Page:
The next day she reached out to me on FB and asked if we could homeschool our kids together. This is a BIG compliment to invite another family to join you in their quarantine circle. I held my head high, thinking to myself, “she must be able to tell that I’m a great mom. Somebody, she wants her children to be around. You know, a good role model. I called her right away to discuss our options for group homeschooling.

“Hello,” she answers.

“Hi, this is Shea. How are you?”

“Good. I’m at work,” she says in a soft voice.

“Oh, we can chat later,” I assure her.

“No, it’s fine. I can talk for a few minutes. What do you need?” she responds in a monotone voice.

“I wanted to talk about our kids homeschooling together,” I explain.

“Shea, I haven’t decided what we are going to do,” she says.

I’m a little taken back by her less than friendly tone. Nonetheless, I begin to ramble on about the virus and the pros and cons of homeschooling with our family. Inevitably, I divulge more information than I should, as this is my unfortunate shtick.

She stops me and says, “I have to get back to work. I’m not sure about homeschooling together. Let’s maybe first just have a playdate. I’m sure Olivia would like that. But I have to get back to work now.”

“Oh, ya, okay. Umm,  let’s just talk about it later then.” I reply. We get off the phone, and I am feeling rejected and somewhat perplexed.

Now, I’ve mentioned to you before that I struggle with my memory. I confess that I suck with names. It isn’t uncommon for me to avoid using your name even after meeting on multiply occasions. This is by no means a lack of interest, rather an inability to store dates and names in my brain bank. And please don’t plan on me remembering your kids’ names. That will likely take a year due to poor memory. Well, maybe a lack of interest as well, but I would never confess that, of course. Who would be so crass?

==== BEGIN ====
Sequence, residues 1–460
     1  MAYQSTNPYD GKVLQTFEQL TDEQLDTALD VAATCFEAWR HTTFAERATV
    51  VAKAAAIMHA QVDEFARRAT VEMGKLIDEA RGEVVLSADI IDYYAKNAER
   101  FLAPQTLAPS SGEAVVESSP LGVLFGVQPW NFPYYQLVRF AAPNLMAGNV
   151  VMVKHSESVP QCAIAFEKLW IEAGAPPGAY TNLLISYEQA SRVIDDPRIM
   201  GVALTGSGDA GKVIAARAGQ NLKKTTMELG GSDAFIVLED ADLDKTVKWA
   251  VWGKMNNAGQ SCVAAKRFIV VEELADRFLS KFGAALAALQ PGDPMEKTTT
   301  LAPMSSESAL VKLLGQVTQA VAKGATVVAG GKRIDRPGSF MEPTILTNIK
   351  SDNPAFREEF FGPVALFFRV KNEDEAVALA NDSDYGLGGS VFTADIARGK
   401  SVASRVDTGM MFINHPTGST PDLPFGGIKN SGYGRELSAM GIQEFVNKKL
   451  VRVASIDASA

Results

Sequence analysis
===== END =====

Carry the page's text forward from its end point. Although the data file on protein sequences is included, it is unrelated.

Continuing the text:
But gender, that one I’ve got down. That’s a visual I can remember. I remember Myra has a five-year-old son, not a five-year-old daughter. So who the hell is this Olivia she speaks of?

Suddenly the puzzle pieces are all coming together, the Dr.Jeckle and Mr. Hyde personality and the group text so many months ago. 

How did I determine which number was Myra’s?

Could I have made an incorrect assumption? 

Could I have been inviting a stranger to my home over and over again? 

Who, in God’s name, is Olivia’s mom and what kind of looney does she think I am continually begging her to be my friend?

I quickly jumped on FB and messaged Myra. She confirmed that we had not spoken. Who was this other mystery, mom? She likely assumed I was having a midlife crisis crush on her or sincerely desperate for friends. Either way, I imagine she was a little taken back at the idea of leaving her small children alone with her stalker.

Case solved, Myra is not batshit crazy. 

Until the next mystery, my friends. 

Will we ever know who this other woman is? The mystery continues.

I try to find the lesson in all my stumbles. I haven’t embraced my grays, but I can share some words of wisdom. 



Signing off,